Lincoln County, New Mexico, is a land embedded in history. Billy the Kid, Kit Carson, Black Jack Pershing, the Buffalo Soldiers, and the Apache all rode here. The Lincoln County War of 1878 secured the region’s place in history. Smokey Bear was born, rescued, and buried here.
To this mix of history, add an amazing variety of terrain, from waving grasslands at 5,000 feet elevation to mountain peaks cresting out at nearly 12,000 feet.
Wrap this with pinion-juniper pines, ponderosa pines, fir, and aspen. Lace it generously with more than 100 miles of horse trails. You now have a trail rider’s Western dream destination!
White Mountain Wilderness
Our first trail-riding goal was the Argentina-Bonito trailhead and horse camp that accesses the White Mountain Wilderness, a protected wilderness area in the Lincoln National Forest (www.fs.fed.us/r3/lincoln). This designated wilderness has preserved its unique and pristine characteristics; 118 miles of trails await your exploration.
The trailhead hosts a beautiful camping area. There are four large corrals, each large enough for two horses. There are vault toilets, trash receptacles, and picnic tables. Before the corral area, there’s also a large space for additional parking and camping.
The campground is set in a grassy bowl with gorgeous ponderosa pines scattered throughout. A seasonal stream runs along the bottom of the valley. A word of caution: The stream is sometimes bone dry. This was the case when we were there, causing us to shorten our visit.
Ride to the Top!
Prepare yourself for an exhilarating loop ride to the top of mountains that crest out over 9,000 feet in elevation with 360 degree views! That’s exactly what we discovered in our loop ride up Turkey Canyon and down Argentina Canyon.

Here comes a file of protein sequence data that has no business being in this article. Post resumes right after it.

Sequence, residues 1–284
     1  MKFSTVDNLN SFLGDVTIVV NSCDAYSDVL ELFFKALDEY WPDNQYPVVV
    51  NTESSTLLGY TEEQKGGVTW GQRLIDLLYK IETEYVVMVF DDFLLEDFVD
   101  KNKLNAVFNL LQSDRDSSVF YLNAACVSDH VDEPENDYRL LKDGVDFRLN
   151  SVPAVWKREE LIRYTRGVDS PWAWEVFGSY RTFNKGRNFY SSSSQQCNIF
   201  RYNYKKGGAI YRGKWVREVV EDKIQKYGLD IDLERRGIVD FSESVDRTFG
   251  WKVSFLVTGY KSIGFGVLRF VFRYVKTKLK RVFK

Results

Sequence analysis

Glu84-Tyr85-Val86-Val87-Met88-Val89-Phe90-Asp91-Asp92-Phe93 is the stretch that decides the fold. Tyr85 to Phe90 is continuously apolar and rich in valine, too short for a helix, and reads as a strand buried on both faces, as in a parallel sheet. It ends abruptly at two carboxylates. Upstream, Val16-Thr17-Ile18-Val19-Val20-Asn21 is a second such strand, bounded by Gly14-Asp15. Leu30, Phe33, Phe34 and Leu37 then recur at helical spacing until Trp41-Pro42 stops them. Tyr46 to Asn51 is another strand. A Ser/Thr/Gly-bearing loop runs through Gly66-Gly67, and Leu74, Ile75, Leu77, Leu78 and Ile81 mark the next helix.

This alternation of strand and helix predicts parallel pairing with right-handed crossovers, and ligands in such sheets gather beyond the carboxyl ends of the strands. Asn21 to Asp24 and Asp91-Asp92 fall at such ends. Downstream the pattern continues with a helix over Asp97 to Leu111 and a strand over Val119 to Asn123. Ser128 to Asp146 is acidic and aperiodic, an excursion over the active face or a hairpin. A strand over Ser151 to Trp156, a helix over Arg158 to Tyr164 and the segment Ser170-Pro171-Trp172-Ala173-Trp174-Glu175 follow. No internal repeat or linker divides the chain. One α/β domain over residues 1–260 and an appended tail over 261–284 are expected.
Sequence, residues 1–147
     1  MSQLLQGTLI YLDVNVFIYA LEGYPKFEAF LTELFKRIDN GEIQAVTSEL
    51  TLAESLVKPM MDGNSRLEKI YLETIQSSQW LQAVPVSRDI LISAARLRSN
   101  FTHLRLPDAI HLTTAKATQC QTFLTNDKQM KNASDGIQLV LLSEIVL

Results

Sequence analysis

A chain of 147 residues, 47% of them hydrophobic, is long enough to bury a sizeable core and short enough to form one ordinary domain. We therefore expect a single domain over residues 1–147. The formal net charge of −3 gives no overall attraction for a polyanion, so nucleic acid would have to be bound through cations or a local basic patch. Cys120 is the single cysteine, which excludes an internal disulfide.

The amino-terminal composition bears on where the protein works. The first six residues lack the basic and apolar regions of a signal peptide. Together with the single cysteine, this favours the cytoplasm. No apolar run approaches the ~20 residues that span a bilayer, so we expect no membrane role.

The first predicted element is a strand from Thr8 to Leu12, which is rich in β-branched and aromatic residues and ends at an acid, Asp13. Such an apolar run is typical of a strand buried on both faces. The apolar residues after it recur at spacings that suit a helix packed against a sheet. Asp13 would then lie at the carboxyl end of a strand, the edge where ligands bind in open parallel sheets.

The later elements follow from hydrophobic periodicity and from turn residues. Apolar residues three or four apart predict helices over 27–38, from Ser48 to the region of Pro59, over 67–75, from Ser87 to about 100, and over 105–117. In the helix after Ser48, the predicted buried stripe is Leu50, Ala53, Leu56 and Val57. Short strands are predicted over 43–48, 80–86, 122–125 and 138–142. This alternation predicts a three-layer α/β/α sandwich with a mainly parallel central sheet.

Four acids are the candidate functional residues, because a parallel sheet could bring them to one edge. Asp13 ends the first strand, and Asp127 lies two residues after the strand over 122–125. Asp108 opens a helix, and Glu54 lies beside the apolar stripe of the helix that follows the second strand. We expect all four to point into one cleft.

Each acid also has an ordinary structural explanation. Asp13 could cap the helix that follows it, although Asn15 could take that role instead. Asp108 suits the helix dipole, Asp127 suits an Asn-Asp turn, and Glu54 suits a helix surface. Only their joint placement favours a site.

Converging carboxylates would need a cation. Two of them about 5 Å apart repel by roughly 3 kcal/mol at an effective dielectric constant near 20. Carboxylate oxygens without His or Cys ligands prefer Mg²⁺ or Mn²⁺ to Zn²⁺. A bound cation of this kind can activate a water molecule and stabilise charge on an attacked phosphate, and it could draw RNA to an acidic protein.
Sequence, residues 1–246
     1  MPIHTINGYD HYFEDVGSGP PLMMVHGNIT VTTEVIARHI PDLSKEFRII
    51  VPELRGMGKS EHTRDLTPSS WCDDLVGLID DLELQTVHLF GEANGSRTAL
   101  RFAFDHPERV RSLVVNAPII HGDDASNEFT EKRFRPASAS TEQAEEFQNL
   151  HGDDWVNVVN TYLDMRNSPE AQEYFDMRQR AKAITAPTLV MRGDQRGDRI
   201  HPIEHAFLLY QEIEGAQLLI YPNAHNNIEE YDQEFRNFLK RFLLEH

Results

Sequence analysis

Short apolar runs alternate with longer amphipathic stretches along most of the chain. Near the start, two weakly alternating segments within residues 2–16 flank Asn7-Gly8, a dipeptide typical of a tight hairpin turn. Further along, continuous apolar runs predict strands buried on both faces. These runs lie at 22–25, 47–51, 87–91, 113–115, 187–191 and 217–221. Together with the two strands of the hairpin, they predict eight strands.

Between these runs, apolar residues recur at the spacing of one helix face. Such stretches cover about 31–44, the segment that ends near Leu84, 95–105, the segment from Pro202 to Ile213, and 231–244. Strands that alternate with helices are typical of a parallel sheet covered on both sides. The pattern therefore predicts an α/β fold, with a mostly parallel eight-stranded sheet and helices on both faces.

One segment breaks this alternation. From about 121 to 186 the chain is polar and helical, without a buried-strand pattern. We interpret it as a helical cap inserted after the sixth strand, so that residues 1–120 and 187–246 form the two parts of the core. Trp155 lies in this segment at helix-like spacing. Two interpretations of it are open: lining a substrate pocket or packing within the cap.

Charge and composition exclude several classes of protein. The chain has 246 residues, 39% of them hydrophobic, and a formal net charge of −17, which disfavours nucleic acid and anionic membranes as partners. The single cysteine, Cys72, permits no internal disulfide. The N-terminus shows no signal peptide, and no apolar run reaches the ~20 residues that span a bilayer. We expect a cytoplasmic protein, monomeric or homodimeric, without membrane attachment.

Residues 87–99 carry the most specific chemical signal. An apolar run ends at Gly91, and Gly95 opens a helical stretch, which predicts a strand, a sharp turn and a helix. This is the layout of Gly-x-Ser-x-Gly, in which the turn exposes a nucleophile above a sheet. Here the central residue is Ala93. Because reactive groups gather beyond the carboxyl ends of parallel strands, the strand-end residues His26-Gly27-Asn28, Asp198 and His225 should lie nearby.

To find the trailhead, ride back down the road about a mile, and locate Turkey Canyon Trail #40. Exit on your left (the north side of the road), and let the adventure begin!
The sun peered over the trees as we rode out of camp. The earthy odor of wet grass smashed under the horses’ hooves was our aromatherapy.
We were riding our 4-year-old Missouri Fox Trotter geldings, Cowboy and Nate, and were armed with a lunch, binoculars, and camera. The horses were also armed. They had their hobbles and dreams of a grassy lunch spot.
To get to the top of the ridge, you’ll need to ride for several miles and ascend 1,400 feet in elevation. Along the way, watch for old mines, and enjoy the pine-forest scenery.
The last part before the top is a bit steep. At the top, you’ll run into Trail #25, the Crest Trail, so-called because it runs along the spine of the White Mountain Wilderness Area.
When we came to the Crest Trail, we also found Turkey Spring. This is a spring area that’s fenced off to protect it from roaming cattle.
Turning left at Turkey Spring, you can enjoy the next 2.5 miles of mountaintop riding at 9,150-feet elevation. Turn right on the Crest Trail (not left on the Clear Water Trail) to catch incredible views.
The Crest Trail eventually comes to the intersection with Trail #39, the Argentina Canyon Trail, and the return route to camp.
Back on the Crest Trail
The next day, we did our second loop, which offered stunning views and more ridge-top riding. At the western end of camp, ride across the stream coming out of Argentina Canyon and ride up Trail #36 entering the wilderness.
After about 1.5 miles, you’ll come to the junction with Trail #37 going to the right. Stay on Trail #37 to the top. Some portions of this were a little steep and narrow, but negotiable.
Eventually, the trail travels away from the stream and comes to a five-way intersection in a beautiful saddle. Here, you can turn right and follow the Crest Trail #25, which has a steep, rocky section as it climbs.